The Real Dangers of Cannabis: Drug Laws

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The Real Dangers of Cannabis: Drug Laws

For a long time the false reports of cannabis’ dangers have held it back within society. But if you ask anyone who knows the facts they will all say the same thing: prohibition is the real problem.

That’s right, we are putting it out there: the real danger is not cannabis, but the laws that surround it. There are countless NGO’s, scientific bodies, governmental advisors, and policy groups that all think the War on Drugs is the real enemy, and that the prohibition of cannabis is causing more damage that the drug can itself. This is no clearer than from the Global Commission on Drug Policy’s 2011 report, which stated, “the global war on drugs has failed, with devastating consequences for individuals and societies [...] fundamental reforms in national and global drug control policies are urgently needed".

The need for reform to mitigate the damage of prohibition is so urgent that it prompted a group of world leaders (including former UN leaders) to come together and call for an end to the crusade against drug users. This sentiment can even be traced back as far as 2002, where the Canadian Senate report concluded that the greatest threat comes from its continued illicit status, not is use.


To begin with, let’s take a look at why cannabis is given such a bad rap, and why this is so wrong.

Over the years, cannabis has been blamed for a whole multitude of problems. The accusations all started very big and grandiose, but as science has shed light on the truth, have gotten smaller and smaller – to the point where the anti-cannabis crowd are now worrying about allergens. When it was first outlawed, cannabis was blamed for causing crime committed by ethnic minorities. Then came the lies that started the War on Drugs, with Ronald Reagan stating:

"I now have absolute proof that smoking even one marijuana cigarette is equal in brain damage to being on Bikini Island during an H-bomb blast"

From here the myths that cannabis is a gateway drug, encourages teenage use, causes cancer, is highly addictive, and rots the brain all took a firm hold – and have largely persisted to this day. Fortunately, science has helped disprove each and every one of these claims and is slowly leading to a better educated public, which in turn is changing the way politicians think. It is sad that politicians worry about their public image instead of looking at the evidence and helping educate on the matter themselves, but that is just the way it is. We are now at a point where there are reports outlining how cannabis is less dangerous than both alcohol and tobacco, highlighting the hypocrisy of current cannabis related political attitude and policy.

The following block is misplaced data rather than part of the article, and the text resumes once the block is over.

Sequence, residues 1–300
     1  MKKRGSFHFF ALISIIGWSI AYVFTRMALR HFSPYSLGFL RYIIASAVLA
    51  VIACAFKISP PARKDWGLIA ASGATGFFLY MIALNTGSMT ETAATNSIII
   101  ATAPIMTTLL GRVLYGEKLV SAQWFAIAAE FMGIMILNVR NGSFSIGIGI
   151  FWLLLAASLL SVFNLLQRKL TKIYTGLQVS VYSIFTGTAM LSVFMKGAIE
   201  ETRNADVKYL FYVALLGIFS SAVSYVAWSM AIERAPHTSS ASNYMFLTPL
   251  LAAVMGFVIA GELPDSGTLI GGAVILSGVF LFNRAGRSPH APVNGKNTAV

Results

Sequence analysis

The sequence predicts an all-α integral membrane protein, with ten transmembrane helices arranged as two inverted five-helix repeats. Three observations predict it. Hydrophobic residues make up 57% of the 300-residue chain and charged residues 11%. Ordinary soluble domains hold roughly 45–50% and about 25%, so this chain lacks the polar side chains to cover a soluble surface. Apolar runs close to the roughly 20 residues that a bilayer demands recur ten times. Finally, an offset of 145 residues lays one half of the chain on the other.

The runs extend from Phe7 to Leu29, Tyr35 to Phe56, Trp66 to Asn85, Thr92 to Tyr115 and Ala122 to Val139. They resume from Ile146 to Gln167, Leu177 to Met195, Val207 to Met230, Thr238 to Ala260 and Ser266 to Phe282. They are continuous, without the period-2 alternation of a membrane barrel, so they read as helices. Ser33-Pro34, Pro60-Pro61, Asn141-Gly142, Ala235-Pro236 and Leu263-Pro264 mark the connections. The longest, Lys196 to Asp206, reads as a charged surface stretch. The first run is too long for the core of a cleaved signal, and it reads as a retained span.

There are a whole load of ways that prohibition hurts us, both individually and as a society. Not only this, they are so in-depth, that we could probably write a pretty long article about each of them. But instead, we will give you an overview.

First and foremost, cannabis prohibition encourages the police to target petty drug users. In most countries, the police receive grants to help combat drug use – with the grant amount often being related to performance. This leads to an industry of sort, whereby the police begin to rely on drug arrests and seizures to ensure their budget. This not only leads a lot of police forces dedicating a lot of their finite time to hunting drug users instead of serious criminals, but also lands normal, non-violent users with a criminal record that can ruin their lives.

Then there is the very serious point that prohibition is withholding a potentially potent medicine from those who need it. More and more places are legalizing cannabis for medical means as more benefits are found. However, those who live in particularly conservative areas of the world are being denied access to a drug that can change lives, and make unmanageable conditions much more liveable.

There is also the cost to society that needs to be considered. Billions are spent on enforcing the prohibition of cannabis. Imagine if this money was freed up, it could be put too much better use elsewhere – like education, health care, infrastructure, and even refocused police work. This can be further boosted by the regulation of cannabis, which has the potential to generate billions more in tax, and create a new and thriving industry full of jobs. If you need an example, look no further than Colorado, where the tax take has been so large that the state is now considering refunding money to its residents – not to mention that crime and teenage use have also gone down.

The last point we want to make is the billion dollar black market that illegal cannabis fuels. This money goes on to fund violent crime, human trafficking, insurgency and terrorism, and even war. If you need an example, look no further than the effect of US legalization on the illegal drug trade in Mexico. Mexican cartels are well known to the main source of cannabis for the US, and since legalization, cartel income has been drastically hit. Not only this, but as the drug trade relying on illegal cannabis has declined in Mexico, so has cartel related violent crime, with murder rates dropping by the thousands.

It just goes to show the travesty that cannabis prohibition causes. Society and individuals have so much to gain from legalization. So tell us, how is continuing to keep cannabis as an illegal substance safe, right, and just?